Story by, Claudia Morgan, Photos by Laurie Schneider. This first appeared in Stillwater Living Magazine.
When most of us see a bee, we swat it away; we step on crawly bugs and we get out the tennis racket to protect ourselves from a flying bat. So why should we care if there are fewer and fewer of them? Because, like birds and butterflies, they all serve an important function: pollination. And pollination is needed for an estimated 50-80 percent of our food supply.
Given that impact, intensive research efforts began in earnest both here in the United States and Europe about eight years ago to understand the causes of the serious decline in these creatures. The primary reason for the staggering losses of honey bees is the loss of their natural habitat.
Despite our best intentions, our actions often have unintended consequences (or as your grandma probably said: “Good intentions pave the road to hell.”) That can be said about the key factors that have caused the massive decline in bees. Land development –ostensibly a good thing for our economy—results in fewer places for bees to find enough food to sustain a healthy population.
Another reason for the decline is the increased use of insecticides and herbicides, both in commercial growing operations and by homeowners. As a deterrent to plant pests, many plants in garden centers and nurseries are treated systematically with a particular class of insecticides, known as neonicitinoids. Neonicitinoids have been proven to be toxic to pollinators. Last fall, two agencies conducted a random survey of plants sold to consumers and discovered neonicitinoid residues in bedding plants sold by Lowe’s and Home Depot.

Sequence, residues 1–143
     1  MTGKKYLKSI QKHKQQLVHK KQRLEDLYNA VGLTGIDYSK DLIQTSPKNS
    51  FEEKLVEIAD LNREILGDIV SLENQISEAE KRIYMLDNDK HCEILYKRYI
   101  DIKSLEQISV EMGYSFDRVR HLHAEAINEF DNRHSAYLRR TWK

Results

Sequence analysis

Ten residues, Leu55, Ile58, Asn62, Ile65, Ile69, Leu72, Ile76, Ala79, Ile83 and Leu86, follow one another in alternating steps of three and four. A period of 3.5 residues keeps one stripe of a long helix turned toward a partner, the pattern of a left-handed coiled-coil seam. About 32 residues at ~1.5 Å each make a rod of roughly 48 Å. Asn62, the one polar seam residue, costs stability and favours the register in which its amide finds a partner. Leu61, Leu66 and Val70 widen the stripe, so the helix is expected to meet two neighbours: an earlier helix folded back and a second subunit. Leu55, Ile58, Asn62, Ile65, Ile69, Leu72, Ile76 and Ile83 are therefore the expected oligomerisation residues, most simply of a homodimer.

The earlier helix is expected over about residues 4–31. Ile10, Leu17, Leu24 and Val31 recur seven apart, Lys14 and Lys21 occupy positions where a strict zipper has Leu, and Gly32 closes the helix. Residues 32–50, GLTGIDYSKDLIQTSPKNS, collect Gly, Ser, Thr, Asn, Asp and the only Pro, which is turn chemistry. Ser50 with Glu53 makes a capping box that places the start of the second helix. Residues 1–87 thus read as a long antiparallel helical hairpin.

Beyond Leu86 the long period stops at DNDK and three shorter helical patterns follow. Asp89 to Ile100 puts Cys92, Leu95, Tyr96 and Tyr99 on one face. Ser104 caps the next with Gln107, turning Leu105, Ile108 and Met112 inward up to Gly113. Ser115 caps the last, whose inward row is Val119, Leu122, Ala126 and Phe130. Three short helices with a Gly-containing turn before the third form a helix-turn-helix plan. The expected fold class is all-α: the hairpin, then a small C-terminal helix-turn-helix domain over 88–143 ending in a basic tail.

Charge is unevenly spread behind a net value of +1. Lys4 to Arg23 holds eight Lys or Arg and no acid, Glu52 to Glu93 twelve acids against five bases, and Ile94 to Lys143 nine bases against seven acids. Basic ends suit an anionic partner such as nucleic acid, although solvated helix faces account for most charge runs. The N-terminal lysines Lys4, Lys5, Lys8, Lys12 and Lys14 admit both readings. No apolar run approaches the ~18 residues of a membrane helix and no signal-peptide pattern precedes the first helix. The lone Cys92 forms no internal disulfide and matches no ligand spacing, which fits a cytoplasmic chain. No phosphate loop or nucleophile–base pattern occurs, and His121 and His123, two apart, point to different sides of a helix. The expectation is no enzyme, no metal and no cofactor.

In the case of bees, these neonics, as they are called, either kill outright, or cause disorientation so they cannot find their way back to the hive. Insects, including pollinators, can also get a sub lethal dose, which leads to decreased immunity and loss of vigor in the hive. This results in the slowing down of foraging activities and the production of fewer offspring.
It has been found that the synergistic effect of fungicides and insecticides used together intensify these deadly affects. But it’s not just the farmers and commercial growers who are at fault. We are all part of the problem, so what can we do?
Six Ways to Improve Pollination:
- Provide bees and other pollinators a healthy food source. Bees eat only pollen and nectar, found by going from plant to plant, which results in pollination. Plant an abundance of flowers, flowering shrubs and trees in our neighborhoods. And source these plants carefully to avoid exposing these valuable creatures to even more toxicity.
- Offer shelter by leaving some space uncultivated where pollinators can forage and hatch their young. Don’t plant every square inch of your property; plant a bee lawn with clover.
- Avoid the use of herbicides and insecticides. Be sure to ask questions at your local garden center. Inquire to be sure they source their plants from non-insecticidal seeds and treatments.
- Invite birds and bees to your landscape by planting non-invasive native plants that provide nectar, pollen, and seeds— food for native butterflies, birds and other animals. In contrast, many common horticultural plants do not produce nectar and often require insect pest control to survive. The lists of native plants can easily be found on websites and many local nurseries are stocking them now.
- Choose organic or sustainably grown food at the grocery store; it has not been treated with insecticides.
- And finally, raise honeybees! It’s a wonderful activity for the whole family and there are many local sources to help you be successful in this endeavor. There are several local honeybee clubs both in Wisconsin and Stillwater plus the University of Minnesota Honeybee Association. We are very fortunate to have many dedicated beekeepers who are knowledgeable. Honey is considered a superfood and is known to help with seasonal allergies.
Claudia Morgan has been in the green industry for over 20 years and is a certified Nursery and Landscape Professional. She co-owns Gardenside Landscaping.
Further information on this critical issue is available through the University of Minnesota Entomology Bee Lab (www.beelab.umn.edu) led by MacArthur Fellow, Dr. Marla Spivak, who continues to research and raise awareness here and around the county. Watch her Ted Talk and learn more! www.ted.com